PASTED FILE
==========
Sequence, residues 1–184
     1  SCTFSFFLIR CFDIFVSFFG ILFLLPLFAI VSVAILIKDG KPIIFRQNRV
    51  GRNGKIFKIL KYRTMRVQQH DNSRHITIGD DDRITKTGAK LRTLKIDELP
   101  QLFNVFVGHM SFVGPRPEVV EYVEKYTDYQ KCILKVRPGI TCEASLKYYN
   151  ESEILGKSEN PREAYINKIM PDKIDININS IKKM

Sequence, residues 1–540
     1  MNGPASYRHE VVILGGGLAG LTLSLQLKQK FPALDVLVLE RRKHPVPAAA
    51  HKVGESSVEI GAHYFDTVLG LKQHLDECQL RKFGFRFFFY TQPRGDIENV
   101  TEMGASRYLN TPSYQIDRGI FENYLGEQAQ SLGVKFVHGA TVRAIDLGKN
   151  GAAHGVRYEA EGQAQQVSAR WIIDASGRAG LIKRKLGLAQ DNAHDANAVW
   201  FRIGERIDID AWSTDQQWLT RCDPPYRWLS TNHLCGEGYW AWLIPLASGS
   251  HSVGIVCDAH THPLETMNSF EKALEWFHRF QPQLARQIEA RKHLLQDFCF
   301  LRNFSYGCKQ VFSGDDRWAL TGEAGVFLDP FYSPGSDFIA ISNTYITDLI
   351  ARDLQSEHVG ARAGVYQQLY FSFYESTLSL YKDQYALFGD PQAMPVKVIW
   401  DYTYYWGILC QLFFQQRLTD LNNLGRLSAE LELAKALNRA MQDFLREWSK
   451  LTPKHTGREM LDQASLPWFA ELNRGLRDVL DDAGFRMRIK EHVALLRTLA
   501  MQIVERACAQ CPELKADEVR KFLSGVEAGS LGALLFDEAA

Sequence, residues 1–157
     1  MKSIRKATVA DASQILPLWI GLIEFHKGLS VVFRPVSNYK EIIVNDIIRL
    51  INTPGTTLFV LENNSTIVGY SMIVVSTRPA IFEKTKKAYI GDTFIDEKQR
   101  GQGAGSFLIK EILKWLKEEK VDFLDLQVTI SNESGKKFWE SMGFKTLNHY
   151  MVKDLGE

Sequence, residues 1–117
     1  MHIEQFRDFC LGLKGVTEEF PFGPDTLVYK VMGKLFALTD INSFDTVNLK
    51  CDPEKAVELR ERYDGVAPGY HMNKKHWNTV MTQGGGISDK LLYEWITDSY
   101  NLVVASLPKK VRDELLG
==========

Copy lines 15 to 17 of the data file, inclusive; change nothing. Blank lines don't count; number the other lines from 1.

   401  DYTYYWGILC QLFFQQRLTD LNNLGRLSAE LELAKALNRA MQDFLREWSK
   451  LTPKHTGREM LDQASLPWFA ELNRGLRDVL DDAGFRMRIK EHVALLRTLA
   501  MQIVERACAQ CPELKADEVR KFLSGVEAGS LGALLFDEAA